9:00 – 10:30PM

American Masters – "Woody Guthrie."  All my description for this says is that Guthrie's music has been recorded by folks like the Mormon Tabernacle Choir and U2.  I'm going to guess that we're going to get some of those performances, probably that and we'll learn more about Woody Guthrie himself.  Maybe even Arlo.

 10:30 – 11:00PM

PBS Previews: National Parks. Soon, but not yet, PBS will airing a Ken Burns special all about our national parks. Apparently he thinks they were one of America’s best ideas. I know that because “America’s Best Idea” is the subtitle for the series. I’m like Sherlock Holmes.

 

Thursday, November 26:

8:00 – 9:00PM

The This Old House Hour - Episode TBA. It’s This Old House and Ask This Old House. It’s like maintenance… for your home. Wait, no, that’s exactly what it is. That doesn’t mean it’s not awesome though. Seriously, The This Old House Hour is one of the finest home improvement hours on PBS. No joke.

9:00 – 10:00PM

Great Performances – "Sting: A Winter's Night."  This performance was recorded at Durham Cathedral near Sting's hometown of Newcastle-upon-Tyne in the north of England.  Oh yes, it's true.  And, if what we've all heard about Sting is true this performance, even though it's in winter, could go all night long.  Okay, old joke, but it works.

10:00 – 11:00PM

The Story of India – "Spice Routes and Silk Roads." Michael Woods heads on a journey – and takes us along – through the history of the subcontinent. He examines the people, the place, and the culture. The episode this evening delves into India in the days of the Roman empire.  Watch and learn exactly what happened.

 

Friday, November 27:

8:00 – 8:30PM

Washington Week with Gwen Ifill and National Journal #4921. Another whole week has gone by and good old Gwen Ifill and National Journal are here to fill us in. For the record, I like to pretend the National Journal is a sidekick, like Robin to Batman, Starsky to Hutch, or chocolate sauce to Double Dutch Chocolate ice cream.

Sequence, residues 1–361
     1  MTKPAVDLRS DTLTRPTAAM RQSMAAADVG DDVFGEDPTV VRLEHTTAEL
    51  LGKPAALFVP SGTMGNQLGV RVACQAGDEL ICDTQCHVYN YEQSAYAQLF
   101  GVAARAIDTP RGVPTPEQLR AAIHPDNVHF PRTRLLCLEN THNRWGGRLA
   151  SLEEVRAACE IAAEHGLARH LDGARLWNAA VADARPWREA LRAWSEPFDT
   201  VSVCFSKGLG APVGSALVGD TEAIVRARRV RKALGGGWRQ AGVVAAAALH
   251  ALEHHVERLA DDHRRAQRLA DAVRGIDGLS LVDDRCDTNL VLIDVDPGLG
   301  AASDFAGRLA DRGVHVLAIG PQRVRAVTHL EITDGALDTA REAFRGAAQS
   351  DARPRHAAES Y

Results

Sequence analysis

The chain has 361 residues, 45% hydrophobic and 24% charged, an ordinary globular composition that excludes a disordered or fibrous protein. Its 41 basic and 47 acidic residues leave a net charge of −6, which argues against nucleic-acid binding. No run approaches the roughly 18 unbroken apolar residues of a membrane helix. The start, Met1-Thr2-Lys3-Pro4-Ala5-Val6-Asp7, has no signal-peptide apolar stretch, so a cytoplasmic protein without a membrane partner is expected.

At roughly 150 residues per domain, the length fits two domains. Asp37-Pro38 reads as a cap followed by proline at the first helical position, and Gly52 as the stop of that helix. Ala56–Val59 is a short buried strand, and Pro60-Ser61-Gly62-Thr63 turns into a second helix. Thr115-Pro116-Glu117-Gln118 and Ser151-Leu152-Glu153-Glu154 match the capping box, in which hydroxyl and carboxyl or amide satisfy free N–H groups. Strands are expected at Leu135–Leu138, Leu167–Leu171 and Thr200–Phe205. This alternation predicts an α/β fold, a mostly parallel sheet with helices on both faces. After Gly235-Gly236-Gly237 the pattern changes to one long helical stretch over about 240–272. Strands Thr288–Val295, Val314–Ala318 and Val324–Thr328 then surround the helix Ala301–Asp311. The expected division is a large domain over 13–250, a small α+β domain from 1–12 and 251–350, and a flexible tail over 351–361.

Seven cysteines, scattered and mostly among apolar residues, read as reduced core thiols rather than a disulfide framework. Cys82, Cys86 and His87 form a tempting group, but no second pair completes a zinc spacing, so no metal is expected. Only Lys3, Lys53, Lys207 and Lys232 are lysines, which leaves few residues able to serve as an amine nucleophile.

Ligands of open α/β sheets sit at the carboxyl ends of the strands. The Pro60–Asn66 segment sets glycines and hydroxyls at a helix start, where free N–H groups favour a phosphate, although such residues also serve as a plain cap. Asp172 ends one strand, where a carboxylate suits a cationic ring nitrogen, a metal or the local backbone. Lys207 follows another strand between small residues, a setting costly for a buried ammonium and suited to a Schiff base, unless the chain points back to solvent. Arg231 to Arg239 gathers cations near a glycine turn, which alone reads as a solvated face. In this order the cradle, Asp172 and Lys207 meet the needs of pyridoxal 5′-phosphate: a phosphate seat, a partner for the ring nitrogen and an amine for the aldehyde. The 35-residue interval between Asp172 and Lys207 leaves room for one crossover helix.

8:30 – 9:00PM

NOW on PBS #548.  It’s the Emmy award-winning weekly news magazine. It looks at issues facing our democracy. The show is hosted by David Brancaccio. And, even better, they still send me e-mails (I think that makes me cool and them nice). Thanks, Now, you guys are awesome!

9:00 – 10:00PM

Bill Moyers Journal #1332 It’s Bill Moyers. It’s his 1,332nd journal (not really, but I’m not going to explain to you the way in which TV shows are numbered at this point in time, maybe later if you’re nice). He’s a good journalist so I assume this will be good journalism (at least the odds are it will).

10:00 – 11:00PM

Secrets of the Dead – "Mumbai Massacre."  One year ago, terrorists descended on the city of Mumbai.  We all followed it on TV over the course of the 60 hours during which it unfolded.  It was, according to this episode, an attack made possible by stuff like cell phones and text messages and other forms of modern technology.

 

Saturday, November 28:

11:00PM – 12:00AM

Austin City Limits – "Tribute to Bluesman Jimmy Reed". Jimmie Vaughan and company pay tribute to Jimmy Reed, who was a composer of blues songs. Maybe it'll even have Jimmie Someone too, and Jimmy Even. That way it'll cover its Jimmy base.

 

The reason it worked is my secret ingredient – chocolate.  You see, I didn't make a pecan pie as much as I made a chocolate pecan pie.  You know it, I know it, everyone knows it – chocolate makes everything better.  I never understood (and refuse to believe) that more people prefer chocolate vanilla to chocolate.  Sacrilege, I tell you, sacrilege.

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About Josh Lasser

Josh has deftly segued from a life of being pre-med to film school to television production to writing about the media in general. And by 'deftly' he means with agonizing second thoughts and the formation of an ulcer.